In a Trump administration, Flynn could be called upon to serve in a senior role at the White House, Pentagon or in the intelligence community.

Another Pentagon pick could be Rep. Duncan Hunter (R-Calif.), a member of the Marine Corps Reserve who served in the Iraq War and is now a member of the powerful Armed Services Committee. Hunter and New York Reps. Tom Reed and Chris Collins are among the real estate mogul’s backers in the House who could play a role in a Trump administration.

Energy secretary 

Trump’s energy policy has been tough to pin down. He initially said he’d immediately approve the Keystone XL oil pipeline, for instance, only to backtrack by threatening to reject the deal if TransCanada Corp. doesn’t grant the U.S. a “big chunk” of the profits. But he is clearly a strong opponent of Obama’s efforts to combat climate change and an advocate of tapping more of the nation’s fossil fuel reserves. And in those positions he has a strong ally in Palin.

Trump said early in his campaign that he’d welcome the GOP’s 2008 vice presidential nominee into his administration — “I’d love that,” he said in July — and Palin wasted little time specifying the post she’d want. The former Alaska governor said she’d like to head the Energy Department — for the opportunity to dismantle it.

“I think a lot about the Department of Energy, because energy is my baby — oil and gas and minerals, those things that God has dumped on this part of the Earth for mankind’s use instead of us relying on unfriendly foreign nations,” Palin told CNN last fall. “I’d get rid of [the DOE], and I’d let the states start having more control.”

Rep. Kevin Cramer is another Trump supporter with a heavy focus on energy policy. The Republican from fossil-fuel-rich North Dakota is in only his second term, but he sits on the powerful Energy and Commerce Committee and checks all the boxes when it comes to fighting Obama’s climate change efforts.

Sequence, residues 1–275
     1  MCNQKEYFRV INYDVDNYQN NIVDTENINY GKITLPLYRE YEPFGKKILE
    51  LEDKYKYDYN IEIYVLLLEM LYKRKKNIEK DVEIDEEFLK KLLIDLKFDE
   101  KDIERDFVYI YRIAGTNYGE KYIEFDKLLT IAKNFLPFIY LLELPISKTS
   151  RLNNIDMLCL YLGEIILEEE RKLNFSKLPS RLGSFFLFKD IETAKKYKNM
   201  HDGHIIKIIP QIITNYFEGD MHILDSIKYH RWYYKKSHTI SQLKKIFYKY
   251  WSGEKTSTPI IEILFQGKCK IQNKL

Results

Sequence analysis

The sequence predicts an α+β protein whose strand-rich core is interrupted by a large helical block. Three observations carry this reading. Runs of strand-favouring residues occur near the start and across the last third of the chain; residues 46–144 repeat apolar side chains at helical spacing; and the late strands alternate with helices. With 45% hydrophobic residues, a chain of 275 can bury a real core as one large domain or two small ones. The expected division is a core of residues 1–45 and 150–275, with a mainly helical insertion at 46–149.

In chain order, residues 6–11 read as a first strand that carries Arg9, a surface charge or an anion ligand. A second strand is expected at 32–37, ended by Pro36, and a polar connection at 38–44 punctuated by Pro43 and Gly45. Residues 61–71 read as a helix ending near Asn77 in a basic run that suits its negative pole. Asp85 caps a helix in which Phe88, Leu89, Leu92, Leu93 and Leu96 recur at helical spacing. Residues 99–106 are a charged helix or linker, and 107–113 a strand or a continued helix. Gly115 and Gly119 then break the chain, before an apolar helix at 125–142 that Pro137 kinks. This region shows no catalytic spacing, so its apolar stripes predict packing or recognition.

Health and Human Services secretary

Carson is among the former GOP presidential contenders Trump says he’d welcome into his administration, leading to speculation that the celebrated neurosurgeon could find his way into the Health and Human Services Department or surgeon general’s office.

“I can tell you that Ben Carson is a terrific guy,” Trump said recently.

Carson, like Trump, is a vocal critic of Obama’s healthcare policies, vowing to repeal the Affordable Care Act and replace it with a system of private accounts. And his staunch opposition to abortion rights could prove a boost to Trump’s standing with evangelicals.

Rep. Renee Ellmers could be another possibility. The North Carolina Republican is a Trump supporter and registered nurse whose ardent opposition to Obama’s healthcare law propelled her quickly up the leadership ladder.  

Homeland Security secretary

As mayor of New York City on Sept. 11, 2001, Rudy Giuliani was a public face of the U.S. response to the terror attacks on the World Trade Center.

Homeland Security secretary would be an obvious fit.

A failed presidential contender in 2008, Giuliani endorsed Trump shortly before the business tycoon dominated his home state’s primary.

“I think we may have preferred somebody else, but he’s going to be the candidate,” Giuliani said. “And we have to do the best we can to defeat Hillary Clinton.”

 Peter Schroeder and Julian Hattem contributed.

Tags Donald Trump Hillary Clinton Jeff Sessions Marco Rubio